July 19, 2012

Blog content: quality of writing matters a lot

We wrote a post long back on the quality of writing: ‘How to write dazzling blog posts’. We talked about good content and gave 8-point advice on improving the quality of blog’s content. In the present post, we take the subject forward, with greater focus on the craft of writing.

Let words speak.

write to showPlease look at the first word written in the image on the right. We appreciate your eyesight if you could read it: it is ‘car’. Now pause a second and think what picture of car emerged before your eyes when you read the word. It would perhaps be a car that you often see [e.g. your own car] and possibly you did not imagine beyond a fleeting glimpse of that car. Now read the biggest word in the image. It still is ‘car’ and we’re sorry for the repetition, but it drives home a point: Even if we wrote ‘car’ 20 times bigger, our imagination of ‘car’ did not grow 15 times, not in details or even size! OK, do read this expression: ‘a car as big as a mini-bus’. Didn’t a mini-bus like space form briefly before your eyes? But the car we are talking about is not only the size of the mini-bus, it is a red car with open roof. It has a single front seat on which a smart boy and an exceptionally beautiful girl are sittingface to face. Your imagination must have taken you to all that we’ve described above, but if we ask you what clothes the boy and girl were wearing or who was driving the car and on which road, you would perhaps be blank.
Words when used imaginatively lead people to imagine. You agree?

Well, this car is now running very fast. Let’s tell you how fast it is running: In sixty seconds, it has gone beyond the half-mile stretch of meandering, rain-soaked road. Did you notice that the second sentence produced much more action-filled video before your eyes than the first one? Words have the capacity to show action too, isn’t it?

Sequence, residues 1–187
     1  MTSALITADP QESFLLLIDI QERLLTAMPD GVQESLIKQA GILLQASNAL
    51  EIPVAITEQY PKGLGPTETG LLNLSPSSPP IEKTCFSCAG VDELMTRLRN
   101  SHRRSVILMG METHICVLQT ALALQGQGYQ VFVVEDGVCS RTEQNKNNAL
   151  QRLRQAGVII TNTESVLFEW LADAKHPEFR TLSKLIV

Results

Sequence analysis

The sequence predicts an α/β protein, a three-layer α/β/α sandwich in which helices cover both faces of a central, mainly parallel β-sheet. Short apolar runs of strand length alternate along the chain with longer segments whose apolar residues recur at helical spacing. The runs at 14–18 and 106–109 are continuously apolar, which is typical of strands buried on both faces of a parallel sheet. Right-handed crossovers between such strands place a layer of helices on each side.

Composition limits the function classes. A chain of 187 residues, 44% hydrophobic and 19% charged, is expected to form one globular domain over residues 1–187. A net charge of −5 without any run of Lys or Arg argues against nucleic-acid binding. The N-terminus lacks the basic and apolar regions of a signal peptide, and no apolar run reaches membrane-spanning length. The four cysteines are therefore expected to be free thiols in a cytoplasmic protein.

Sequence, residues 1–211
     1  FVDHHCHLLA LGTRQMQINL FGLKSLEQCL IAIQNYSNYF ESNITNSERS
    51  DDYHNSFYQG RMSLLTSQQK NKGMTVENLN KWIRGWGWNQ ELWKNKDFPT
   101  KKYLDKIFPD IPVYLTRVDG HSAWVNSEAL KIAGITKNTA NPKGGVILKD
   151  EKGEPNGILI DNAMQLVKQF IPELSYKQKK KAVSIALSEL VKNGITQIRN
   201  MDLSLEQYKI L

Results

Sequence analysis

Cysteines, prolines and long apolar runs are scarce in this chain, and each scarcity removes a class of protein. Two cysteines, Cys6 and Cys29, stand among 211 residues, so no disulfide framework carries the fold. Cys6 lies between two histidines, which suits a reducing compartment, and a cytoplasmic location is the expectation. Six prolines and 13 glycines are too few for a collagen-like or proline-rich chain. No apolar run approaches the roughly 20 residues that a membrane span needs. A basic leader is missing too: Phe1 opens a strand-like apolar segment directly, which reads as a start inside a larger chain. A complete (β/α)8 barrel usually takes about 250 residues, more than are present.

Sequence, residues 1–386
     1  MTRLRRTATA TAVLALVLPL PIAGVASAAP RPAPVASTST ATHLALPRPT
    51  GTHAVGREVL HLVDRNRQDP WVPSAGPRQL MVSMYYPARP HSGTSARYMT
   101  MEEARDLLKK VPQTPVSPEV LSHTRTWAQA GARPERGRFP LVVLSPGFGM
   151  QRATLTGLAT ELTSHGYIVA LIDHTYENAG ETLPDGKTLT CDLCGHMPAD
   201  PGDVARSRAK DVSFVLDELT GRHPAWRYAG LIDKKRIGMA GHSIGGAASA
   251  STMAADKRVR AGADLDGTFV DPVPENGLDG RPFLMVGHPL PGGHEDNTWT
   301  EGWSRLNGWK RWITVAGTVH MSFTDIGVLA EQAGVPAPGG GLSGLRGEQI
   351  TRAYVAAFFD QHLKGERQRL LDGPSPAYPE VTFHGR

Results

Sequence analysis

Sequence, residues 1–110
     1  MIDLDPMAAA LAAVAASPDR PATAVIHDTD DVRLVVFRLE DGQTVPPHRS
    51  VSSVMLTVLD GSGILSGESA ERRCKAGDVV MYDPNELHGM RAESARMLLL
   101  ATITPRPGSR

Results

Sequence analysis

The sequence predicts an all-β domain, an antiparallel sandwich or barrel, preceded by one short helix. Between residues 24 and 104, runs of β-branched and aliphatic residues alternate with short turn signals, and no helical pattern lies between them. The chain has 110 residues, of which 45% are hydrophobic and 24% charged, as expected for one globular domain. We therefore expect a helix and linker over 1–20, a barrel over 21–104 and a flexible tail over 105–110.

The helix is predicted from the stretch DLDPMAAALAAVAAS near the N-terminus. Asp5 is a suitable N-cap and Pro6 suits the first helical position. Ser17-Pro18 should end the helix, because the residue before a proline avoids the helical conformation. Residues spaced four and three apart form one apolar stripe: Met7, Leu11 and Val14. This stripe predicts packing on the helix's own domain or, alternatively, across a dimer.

The takeaway is that when you write a post, use words to show the reader what you want to show. Showing can be done effectively by describing the object and all relevant facts so that the reader can imagine what you want him to imagine.
However, do not overdo it, and do not stuff your writing with too many adjectives and adverbs. Don’t overstate the obvious. Consider how much familiar your audience is with your subject.

'Show’ emotions, but with care.


People often overdo when it comes to expressing emotions in their writings. They feel that it makes their writing ‘poetic’ if they stuff their writing – especially personal musings – with myriad figures of speech to express their feelings. They want to pour their heart out in each sentence.

Yes, words evoke feelings, but you should supply only as much of sentiment as the reader is prepared to receive. Sentimental writing usually puts readers off, especially strangers. Quality and quantity both are important.

That takes us to another related aspect: showing one’s emotions on controversial and hot issues, e.g. religious conversions, fight between two countries, racialism, gender inequality, party-politics.
Writers are often advised to play with readers’ emotions. This is supposed to keep adrenaline flowing in the reader’s blood and keeping him glued to the writing. Most best-selling pieces of fiction are those that play with readers’ emotions, isn’t it? Some blogging advisors even suggest that we pick up controversial topics for improving our blog’s popularity.

Instead of suggesting you to rake up controversies just for getting popular, we’d recommend that you discuss all aspects of a controversial issue and then derive your conclusion (which need not be sober and middle-path).If you are participating in a discussion already there, it is OK to give your views even if they are extremely one-sided, but with respect for opposite points of view. To remain authoritative, support arguments and emotions with facts. Find a golden mean between facts and emotions. This depends on the type of blog as well as the type of topic.
Don’t be personal, don’t hurt feelings, don’t be judgmental unless necessary.

Follow a pattern but break it too if required